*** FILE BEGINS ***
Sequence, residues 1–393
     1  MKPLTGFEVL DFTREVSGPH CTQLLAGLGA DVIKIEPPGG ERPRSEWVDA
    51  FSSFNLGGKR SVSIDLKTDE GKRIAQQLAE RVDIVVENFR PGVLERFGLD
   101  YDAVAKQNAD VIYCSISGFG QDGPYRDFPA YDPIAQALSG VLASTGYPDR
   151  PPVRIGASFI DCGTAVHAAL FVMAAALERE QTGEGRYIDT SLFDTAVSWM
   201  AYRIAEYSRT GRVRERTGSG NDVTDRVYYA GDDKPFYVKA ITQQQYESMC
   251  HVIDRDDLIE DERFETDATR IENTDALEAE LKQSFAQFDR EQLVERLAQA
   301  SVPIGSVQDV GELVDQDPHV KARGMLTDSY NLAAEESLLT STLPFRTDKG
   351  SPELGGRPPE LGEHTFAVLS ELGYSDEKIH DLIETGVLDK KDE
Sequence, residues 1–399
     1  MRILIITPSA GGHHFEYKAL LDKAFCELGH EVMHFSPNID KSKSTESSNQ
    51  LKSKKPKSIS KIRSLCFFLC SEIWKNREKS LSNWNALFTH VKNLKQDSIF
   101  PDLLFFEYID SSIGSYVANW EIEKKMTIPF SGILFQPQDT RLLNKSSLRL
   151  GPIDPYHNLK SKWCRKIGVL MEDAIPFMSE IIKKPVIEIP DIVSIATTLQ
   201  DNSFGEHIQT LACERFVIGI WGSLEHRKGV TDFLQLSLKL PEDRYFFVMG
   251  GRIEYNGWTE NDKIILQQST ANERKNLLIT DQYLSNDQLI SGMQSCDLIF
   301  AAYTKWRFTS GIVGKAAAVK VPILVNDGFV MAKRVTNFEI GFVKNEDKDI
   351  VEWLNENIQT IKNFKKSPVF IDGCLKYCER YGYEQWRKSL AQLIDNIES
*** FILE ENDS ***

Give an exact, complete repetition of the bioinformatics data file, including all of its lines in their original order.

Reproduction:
Sequence, residues 1–393
     1  MKPLTGFEVL DFTREVSGPH CTQLLAGLGA DVIKIEPPGG ERPRSEWVDA
    51  FSSFNLGGKR SVSIDLKTDE GKRIAQQLAE RVDIVVENFR PGVLERFGLD
   101  YDAVAKQNAD VIYCSISGFG QDGPYRDFPA YDPIAQALSG VLASTGYPDR
   151  PPVRIGASFI DCGTAVHAAL FVMAAALERE QTGEGRYIDT SLFDTAVSWM
   201  AYRIAEYSRT GRVRERTGSG NDVTDRVYYA GDDKPFYVKA ITQQQYESMC
   251  HVIDRDDLIE DERFETDATR IENTDALEAE LKQSFAQFDR EQLVERLAQA
   301  SVPIGSVQDV GELVDQDPHV KARGMLTDSY NLAAEESLLT STLPFRTDKG
   351  SPELGGRPPE LGEHTFAVLS ELGYSDEKIH DLIETGVLDK KDE
Sequence, residues 1–399
     1  MRILIITPSA GGHHFEYKAL LDKAFCELGH EVMHFSPNID KSKSTESSNQ
    51  LKSKKPKSIS KIRSLCFFLC SEIWKNREKS LSNWNALFTH VKNLKQDSIF
   101  PDLLFFEYID SSIGSYVANW EIEKKMTIPF SGILFQPQDT RLLNKSSLRL
   151  GPIDPYHNLK SKWCRKIGVL MEDAIPFMSE IIKKPVIEIP DIVSIATTLQ
   201  DNSFGEHIQT LACERFVIGI WGSLEHRKGV TDFLQLSLKL PEDRYFFVMG
   251  GRIEYNGWTE NDKIILQQST ANERKNLLIT DQYLSNDQLI SGMQSCDLIF
   301  AAYTKWRFTS GIVGKAAAVK VPILVNDGFV MAKRVTNFEI GFVKNEDKDI
   351  VEWLNENIQT IKNFKKSPVF IDGCLKYCER YGYEQWRKSL AQLIDNIES